Nathan Robertson to consider carrying on as Jersey coach
Nathan Robertson says he is considering continuing his role as the coach of Jersey's badminton team.
The 2004 Olympic mixed doubles silver medallist has been guiding them to in the team event.
"We've been talking about it already," Robertson said when asked about staying on with the Jersey team.
"The Island Games has been talked about so that could be a possibility."
He is a close friend of Jersey player Mark Constable from their time together with the England team and regularly visits the island to see him.
Taking charge of the Jersey side was the first time Robertson, who won the World and Commonwealth Games mixed doubles title with Gail Emms in 2006, had coached at a major event.
"I always do sessions with Mark's academy and also with the club badminton in Jersey so you'll definitely see me in Jersey in future," he told BBC Radio Jersey.
"I enjoy coaching and I feel I can see things pretty easily off the court.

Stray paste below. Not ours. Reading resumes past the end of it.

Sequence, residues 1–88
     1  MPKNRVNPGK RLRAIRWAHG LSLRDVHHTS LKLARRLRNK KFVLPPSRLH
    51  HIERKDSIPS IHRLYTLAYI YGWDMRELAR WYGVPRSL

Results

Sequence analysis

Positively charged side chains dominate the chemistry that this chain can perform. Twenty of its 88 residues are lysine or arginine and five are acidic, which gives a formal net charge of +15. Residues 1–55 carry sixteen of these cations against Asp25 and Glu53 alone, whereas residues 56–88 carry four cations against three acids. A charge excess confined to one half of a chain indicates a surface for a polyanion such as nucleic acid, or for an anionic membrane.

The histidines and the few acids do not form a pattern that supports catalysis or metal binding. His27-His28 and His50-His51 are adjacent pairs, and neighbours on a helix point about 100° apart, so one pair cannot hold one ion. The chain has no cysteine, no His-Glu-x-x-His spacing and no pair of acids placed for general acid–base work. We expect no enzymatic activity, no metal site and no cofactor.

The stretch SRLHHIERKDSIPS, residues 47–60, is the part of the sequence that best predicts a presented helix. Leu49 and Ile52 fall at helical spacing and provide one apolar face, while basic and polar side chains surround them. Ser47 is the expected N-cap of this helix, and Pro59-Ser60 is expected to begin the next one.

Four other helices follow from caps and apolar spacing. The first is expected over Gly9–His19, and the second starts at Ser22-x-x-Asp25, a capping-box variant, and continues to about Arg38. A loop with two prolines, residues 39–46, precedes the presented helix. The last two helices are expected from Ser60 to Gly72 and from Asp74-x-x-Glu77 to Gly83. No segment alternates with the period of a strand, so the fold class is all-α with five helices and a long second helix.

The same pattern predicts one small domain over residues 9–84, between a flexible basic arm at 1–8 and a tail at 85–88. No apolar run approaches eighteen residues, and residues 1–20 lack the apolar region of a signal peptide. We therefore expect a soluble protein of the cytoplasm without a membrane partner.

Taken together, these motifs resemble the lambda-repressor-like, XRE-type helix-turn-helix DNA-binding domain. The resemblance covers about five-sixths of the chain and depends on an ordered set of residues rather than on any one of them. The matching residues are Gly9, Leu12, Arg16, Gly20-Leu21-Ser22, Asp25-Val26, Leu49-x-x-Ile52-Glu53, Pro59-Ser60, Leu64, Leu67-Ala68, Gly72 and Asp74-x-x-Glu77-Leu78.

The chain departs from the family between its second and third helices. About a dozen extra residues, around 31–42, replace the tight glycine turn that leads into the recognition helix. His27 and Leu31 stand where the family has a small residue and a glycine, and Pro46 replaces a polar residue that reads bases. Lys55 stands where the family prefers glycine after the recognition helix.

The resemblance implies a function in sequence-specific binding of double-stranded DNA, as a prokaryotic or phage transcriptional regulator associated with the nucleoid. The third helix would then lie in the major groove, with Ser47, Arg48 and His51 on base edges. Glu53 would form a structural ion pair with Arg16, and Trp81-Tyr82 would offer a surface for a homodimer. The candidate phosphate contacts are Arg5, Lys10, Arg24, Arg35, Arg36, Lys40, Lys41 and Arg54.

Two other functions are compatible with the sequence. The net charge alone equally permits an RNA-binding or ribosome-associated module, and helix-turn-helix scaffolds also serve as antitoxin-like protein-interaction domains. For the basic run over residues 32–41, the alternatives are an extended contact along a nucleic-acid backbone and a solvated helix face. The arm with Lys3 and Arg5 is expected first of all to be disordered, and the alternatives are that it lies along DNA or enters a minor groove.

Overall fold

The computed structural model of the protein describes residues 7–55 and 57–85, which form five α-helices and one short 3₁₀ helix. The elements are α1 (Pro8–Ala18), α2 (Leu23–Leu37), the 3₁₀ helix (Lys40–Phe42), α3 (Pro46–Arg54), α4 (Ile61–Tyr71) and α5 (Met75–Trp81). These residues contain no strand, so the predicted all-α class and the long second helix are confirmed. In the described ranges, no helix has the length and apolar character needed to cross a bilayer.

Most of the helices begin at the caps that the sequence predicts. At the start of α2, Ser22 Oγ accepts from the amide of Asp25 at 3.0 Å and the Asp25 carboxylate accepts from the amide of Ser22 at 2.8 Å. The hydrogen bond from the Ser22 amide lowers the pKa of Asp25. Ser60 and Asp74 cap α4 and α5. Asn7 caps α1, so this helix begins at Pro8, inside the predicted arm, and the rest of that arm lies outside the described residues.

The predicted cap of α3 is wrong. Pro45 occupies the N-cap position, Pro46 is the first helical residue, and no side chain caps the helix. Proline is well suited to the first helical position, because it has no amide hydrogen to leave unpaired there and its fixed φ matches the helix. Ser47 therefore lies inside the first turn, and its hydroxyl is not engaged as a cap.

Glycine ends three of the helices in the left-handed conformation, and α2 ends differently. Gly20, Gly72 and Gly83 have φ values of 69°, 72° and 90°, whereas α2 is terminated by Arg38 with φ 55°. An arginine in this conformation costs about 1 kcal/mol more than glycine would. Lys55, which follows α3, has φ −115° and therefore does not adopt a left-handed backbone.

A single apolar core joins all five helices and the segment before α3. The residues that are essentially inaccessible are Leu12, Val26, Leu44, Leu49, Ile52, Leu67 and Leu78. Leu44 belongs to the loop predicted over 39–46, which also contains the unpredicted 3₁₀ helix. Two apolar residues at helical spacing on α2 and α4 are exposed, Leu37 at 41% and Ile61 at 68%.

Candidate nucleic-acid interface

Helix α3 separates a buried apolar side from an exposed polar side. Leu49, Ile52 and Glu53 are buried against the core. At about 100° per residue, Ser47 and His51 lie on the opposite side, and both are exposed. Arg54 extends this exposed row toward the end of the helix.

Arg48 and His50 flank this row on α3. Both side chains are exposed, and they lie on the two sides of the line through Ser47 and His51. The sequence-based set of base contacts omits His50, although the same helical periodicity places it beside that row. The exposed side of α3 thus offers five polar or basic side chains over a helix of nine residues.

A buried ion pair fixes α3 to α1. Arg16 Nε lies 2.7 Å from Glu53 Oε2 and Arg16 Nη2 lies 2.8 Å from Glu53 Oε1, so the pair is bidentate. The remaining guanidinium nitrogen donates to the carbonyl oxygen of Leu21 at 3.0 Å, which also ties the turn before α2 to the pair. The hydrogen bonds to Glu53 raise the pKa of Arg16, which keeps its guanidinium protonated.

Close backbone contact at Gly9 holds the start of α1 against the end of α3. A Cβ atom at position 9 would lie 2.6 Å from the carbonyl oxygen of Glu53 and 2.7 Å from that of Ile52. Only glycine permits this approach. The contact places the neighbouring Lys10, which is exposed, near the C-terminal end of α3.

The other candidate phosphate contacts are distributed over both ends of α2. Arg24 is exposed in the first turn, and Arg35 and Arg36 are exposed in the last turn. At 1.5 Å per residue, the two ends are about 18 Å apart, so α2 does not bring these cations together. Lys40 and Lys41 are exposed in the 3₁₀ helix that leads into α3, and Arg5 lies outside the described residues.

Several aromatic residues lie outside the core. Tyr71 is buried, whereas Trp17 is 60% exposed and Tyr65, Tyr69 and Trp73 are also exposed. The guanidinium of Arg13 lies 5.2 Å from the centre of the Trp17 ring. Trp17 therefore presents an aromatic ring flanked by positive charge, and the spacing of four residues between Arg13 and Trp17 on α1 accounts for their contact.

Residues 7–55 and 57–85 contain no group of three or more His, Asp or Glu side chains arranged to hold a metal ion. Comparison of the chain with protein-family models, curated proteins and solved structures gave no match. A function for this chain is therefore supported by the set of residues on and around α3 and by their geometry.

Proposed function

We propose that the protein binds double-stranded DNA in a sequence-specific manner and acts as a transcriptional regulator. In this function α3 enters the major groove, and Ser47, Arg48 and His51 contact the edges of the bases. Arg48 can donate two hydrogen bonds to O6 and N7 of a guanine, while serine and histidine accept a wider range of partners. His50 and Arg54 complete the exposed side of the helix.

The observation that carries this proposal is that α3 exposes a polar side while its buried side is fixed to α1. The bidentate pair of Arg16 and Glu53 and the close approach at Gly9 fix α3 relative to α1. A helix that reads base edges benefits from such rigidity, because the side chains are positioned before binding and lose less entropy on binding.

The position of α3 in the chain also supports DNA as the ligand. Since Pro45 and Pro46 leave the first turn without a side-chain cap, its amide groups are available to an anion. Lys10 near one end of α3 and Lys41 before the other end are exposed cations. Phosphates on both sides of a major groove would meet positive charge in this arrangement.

"But you're desperate to do those things on court, so there's an element of frustration, but an element of enjoyment as well."
Jersey had three former England players in their squad in Elizabeth Cann, Mariana Agathangelou and Constable, as well as Danish-based professional Solenn Pasturel.
But with those players coming towards the end of their careers, Robertson says there needs to be investment in the island's next generation of players, if they are to repeat their success of Glasgow.
Jersey finished second to England in their group in the team event, only missing out on the knock-out stages on count back.
"The only way to take Jersey badminton forward is to try and get a bit more money to the junior section so they can move forward in the next four years," Robertson said.
"Everyone's been impressed by the Jersey team.
"We actually came in as the lowest-ranked team and it was quite disappointing not to make the quarter-finals in the team event.
"We've got several of the Jersey team who are in their mid-30s, in the English they're 27 or 28 and they're all full-time athletes.
"Our guys are working full-time or part-time back in Jersey and that's why it's so hard to compete with the full-time athletes.
"They've worked incredibly hard, just to qualify it's tough as you have to be high up in the English rankings, so they did well in the year-and-a-half leading up to the Games."